First, you need a create a graph. The following code (precisely the function randomGraph) can do it for you.


increaseDegree <- function(key, degreeMap) {
  keyChar = as.character(key)
  if(is.null(degreeMap[[keyChar]])) {
    degreeMap[[keyChar]] = 0
  degreeMap[[keyChar]] = degreeMap[[keyChar]]  + 1

getDegree <- function(key, degreeMap) {
  keyChar = as.character(key)
  if(is.null(degreeMap[[keyChar]])) {
    return (0)
  } else {
    return (degreeMap[[keyChar]])

randomGraph <- function(numNodes) {
  degreeMap <- new.env(hash=T, parent=emptyenv())
  initialNumNodes = 2;
  g <- network.initialize(numNodes, directed = FALSE);
  increaseDegree(1, degreeMap)
  increaseDegree(2, degreeMap)
  i = 3;
  while(i <= numNodes) {
    sourceNode <- i;
    destNode <- sample(i-1, 1);
    increaseDegree(sourceNode, degreeMap)
    increaseDegree(destNode, degreeMap)
    i = i + 1;
  return (list(graph = g, degreeMap = degreeMap))

As you see, I used a hash map to store the degree of each node and get it quickly whenever needed (see degreeMap variable and the functions increaseDegree and getDegree).

After that, you will have your first graph. However, you want a second graph where each node has the same degree as before. To do this, you can modify the randomGraph function and use the first graph to create the new one. So, the modified function will be something like:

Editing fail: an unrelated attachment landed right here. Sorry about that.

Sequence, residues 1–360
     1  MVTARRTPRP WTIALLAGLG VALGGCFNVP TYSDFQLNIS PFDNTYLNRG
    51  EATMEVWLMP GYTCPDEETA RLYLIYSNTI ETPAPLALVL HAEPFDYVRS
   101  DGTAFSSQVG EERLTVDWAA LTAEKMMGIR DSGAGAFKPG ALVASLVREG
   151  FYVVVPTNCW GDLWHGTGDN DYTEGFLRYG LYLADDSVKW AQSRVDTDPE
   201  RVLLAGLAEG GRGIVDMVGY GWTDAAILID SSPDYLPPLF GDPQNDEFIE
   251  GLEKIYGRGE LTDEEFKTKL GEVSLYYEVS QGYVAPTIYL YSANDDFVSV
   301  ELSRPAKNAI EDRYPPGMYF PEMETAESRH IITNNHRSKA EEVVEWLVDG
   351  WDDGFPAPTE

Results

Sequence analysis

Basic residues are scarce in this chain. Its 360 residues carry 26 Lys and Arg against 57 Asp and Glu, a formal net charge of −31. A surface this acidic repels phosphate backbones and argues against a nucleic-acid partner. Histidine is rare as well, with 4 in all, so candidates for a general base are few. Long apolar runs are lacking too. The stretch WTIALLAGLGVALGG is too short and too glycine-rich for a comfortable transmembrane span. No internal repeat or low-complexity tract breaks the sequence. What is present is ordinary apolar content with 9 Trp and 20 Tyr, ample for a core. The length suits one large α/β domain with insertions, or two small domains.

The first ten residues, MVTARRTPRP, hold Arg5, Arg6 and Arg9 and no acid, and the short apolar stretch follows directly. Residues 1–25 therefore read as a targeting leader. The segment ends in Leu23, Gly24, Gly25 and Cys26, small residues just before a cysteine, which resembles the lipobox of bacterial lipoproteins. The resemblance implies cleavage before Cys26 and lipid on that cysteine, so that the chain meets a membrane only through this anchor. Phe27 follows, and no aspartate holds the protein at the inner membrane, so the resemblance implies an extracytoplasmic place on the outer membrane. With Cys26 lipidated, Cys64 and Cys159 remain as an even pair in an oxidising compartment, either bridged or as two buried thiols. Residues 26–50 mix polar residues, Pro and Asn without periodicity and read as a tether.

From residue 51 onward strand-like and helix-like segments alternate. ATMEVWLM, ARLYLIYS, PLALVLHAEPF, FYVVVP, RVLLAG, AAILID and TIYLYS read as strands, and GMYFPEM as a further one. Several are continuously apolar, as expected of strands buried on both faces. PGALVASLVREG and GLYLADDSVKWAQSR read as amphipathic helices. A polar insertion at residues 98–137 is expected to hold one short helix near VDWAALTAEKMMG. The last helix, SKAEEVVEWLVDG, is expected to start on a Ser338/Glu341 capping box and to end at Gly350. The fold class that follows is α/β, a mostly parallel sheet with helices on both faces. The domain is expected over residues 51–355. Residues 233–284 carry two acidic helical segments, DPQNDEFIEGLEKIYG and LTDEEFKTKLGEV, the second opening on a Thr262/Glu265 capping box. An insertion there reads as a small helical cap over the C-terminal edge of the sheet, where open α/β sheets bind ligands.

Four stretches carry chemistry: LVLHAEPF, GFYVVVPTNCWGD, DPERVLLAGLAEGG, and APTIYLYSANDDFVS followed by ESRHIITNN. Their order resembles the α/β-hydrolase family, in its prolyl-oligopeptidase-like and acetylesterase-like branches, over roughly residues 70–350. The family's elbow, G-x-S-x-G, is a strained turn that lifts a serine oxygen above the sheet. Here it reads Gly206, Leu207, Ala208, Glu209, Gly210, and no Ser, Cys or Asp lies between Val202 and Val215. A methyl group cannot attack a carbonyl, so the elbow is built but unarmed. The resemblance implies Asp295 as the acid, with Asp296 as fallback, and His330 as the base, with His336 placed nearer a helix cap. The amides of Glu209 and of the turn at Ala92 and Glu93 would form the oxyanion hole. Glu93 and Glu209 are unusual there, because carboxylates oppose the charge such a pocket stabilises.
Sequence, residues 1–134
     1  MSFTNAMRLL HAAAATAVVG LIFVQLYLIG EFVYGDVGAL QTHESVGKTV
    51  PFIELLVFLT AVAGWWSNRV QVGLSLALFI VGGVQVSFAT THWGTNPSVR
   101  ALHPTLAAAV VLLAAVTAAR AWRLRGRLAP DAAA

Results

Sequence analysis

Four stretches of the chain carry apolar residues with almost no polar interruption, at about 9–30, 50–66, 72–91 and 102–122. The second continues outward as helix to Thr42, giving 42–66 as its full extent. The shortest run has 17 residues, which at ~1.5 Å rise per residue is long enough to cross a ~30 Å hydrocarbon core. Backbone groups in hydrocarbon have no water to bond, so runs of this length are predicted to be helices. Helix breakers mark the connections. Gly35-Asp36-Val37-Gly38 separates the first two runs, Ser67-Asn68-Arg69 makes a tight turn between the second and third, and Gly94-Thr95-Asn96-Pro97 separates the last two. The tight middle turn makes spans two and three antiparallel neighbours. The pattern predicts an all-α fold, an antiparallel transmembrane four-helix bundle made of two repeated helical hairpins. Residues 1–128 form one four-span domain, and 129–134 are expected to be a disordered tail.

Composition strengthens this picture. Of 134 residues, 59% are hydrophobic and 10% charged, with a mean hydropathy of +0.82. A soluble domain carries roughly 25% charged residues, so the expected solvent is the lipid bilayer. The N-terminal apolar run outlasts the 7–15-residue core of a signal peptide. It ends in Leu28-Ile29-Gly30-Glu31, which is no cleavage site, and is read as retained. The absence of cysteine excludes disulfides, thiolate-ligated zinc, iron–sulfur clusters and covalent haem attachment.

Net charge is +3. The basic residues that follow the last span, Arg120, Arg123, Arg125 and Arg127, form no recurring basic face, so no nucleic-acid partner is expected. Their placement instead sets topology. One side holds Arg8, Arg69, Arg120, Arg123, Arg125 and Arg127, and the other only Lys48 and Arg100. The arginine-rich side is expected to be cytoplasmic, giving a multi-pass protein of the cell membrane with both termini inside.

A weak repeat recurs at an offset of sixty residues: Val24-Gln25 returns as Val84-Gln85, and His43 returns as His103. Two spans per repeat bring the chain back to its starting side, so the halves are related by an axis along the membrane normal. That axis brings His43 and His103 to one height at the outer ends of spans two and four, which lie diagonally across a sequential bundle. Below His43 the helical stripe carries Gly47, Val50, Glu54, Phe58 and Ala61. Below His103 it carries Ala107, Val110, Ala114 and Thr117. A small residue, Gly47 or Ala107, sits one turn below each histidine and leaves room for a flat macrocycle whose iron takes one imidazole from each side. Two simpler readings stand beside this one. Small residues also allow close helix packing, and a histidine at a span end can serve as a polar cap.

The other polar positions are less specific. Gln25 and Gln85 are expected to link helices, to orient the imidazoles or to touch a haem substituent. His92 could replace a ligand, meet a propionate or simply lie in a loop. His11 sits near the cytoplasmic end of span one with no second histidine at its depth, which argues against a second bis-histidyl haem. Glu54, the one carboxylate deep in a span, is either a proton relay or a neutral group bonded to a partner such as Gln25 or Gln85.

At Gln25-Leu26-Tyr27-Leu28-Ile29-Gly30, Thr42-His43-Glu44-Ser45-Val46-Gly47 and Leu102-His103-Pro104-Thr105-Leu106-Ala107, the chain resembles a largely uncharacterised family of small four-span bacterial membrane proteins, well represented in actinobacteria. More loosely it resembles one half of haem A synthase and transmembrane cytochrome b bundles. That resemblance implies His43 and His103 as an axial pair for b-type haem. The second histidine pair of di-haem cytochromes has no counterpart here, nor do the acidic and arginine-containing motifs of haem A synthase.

newGraphPresevingDegree <- function(oldGraphObject) {
  oldGraph = oldGraphObject$graph
  oldDegreeMap = oldGraphObject$degreeMap

  numNodes = network.size(oldGraph)
  newGraph <- network.initialize(numNodes, directed = FALSE);
  newDegreeMap <- new.env(hash=T, parent=emptyenv())
  i = 1;
  while(i <= numNodes) {
    sourceNode <- i;
    sourceDesiredDegree = getDegree(sourceNode, oldDegreeMap);
    sourceCurrentDegree =  getDegree(sourceNode, newDegreeMap);
    while(sourceCurrentDegree < sourceDesiredDegree) {
      destNode <- sample(i:numNodes, 1);
      destDesiredDegree = getDegree(destNode, oldDegreeMap);
      destCurrentDegree =  getDegree(destNode, newDegreeMap);
      if(sourceNode != destNode && sourceCurrentDegree < sourceDesiredDegree
         && destCurrentDegree < destDesiredDegree && is.adjacent(newGraph,sourceNode,destNode) == FALSE) {
        add.edge(newGraph, sourceNode, destNode);
        increaseDegree(sourceNode, newDegreeMap)
        increaseDegree(destNode, newDegreeMap)
        sourceCurrentDegree =  getDegree(sourceNode, newDegreeMap);
    i = i + 1;
  return (list(graph = newGraph, degreeMap = newDegreeMap))

Finally, you execute everything by doing:

# creating a random graph
numNodes = 3000;
oldGraphObject = randomGraph(numNodes)
oldGraph = oldGraphObject$graph
oldDegreeMap = oldGraphObject$degreeMap

#creating the new graph
newGraphObject = newGraphPresevingDegree(oldGraphObject)
newGraph = newGraphObject$graph
newDegreeMap = newGraphObject$degreeMap

And check if the degrees remains the same:

i = 1
while(i <= numNodes) {
  oldDegree = length(get.neighborhood(oldGraph, i))
  currentDegree = length(get.neighborhood(newGraph, i))
  if(oldDegree != currentDegree) {
    print(paste("old neighborhood of node", i))
    print(get.neighborhood(oldGraph, i))

    print(paste("new neighborhood of node", i))
    print(get.neighborhood(newGraph, i))
  i = i + 1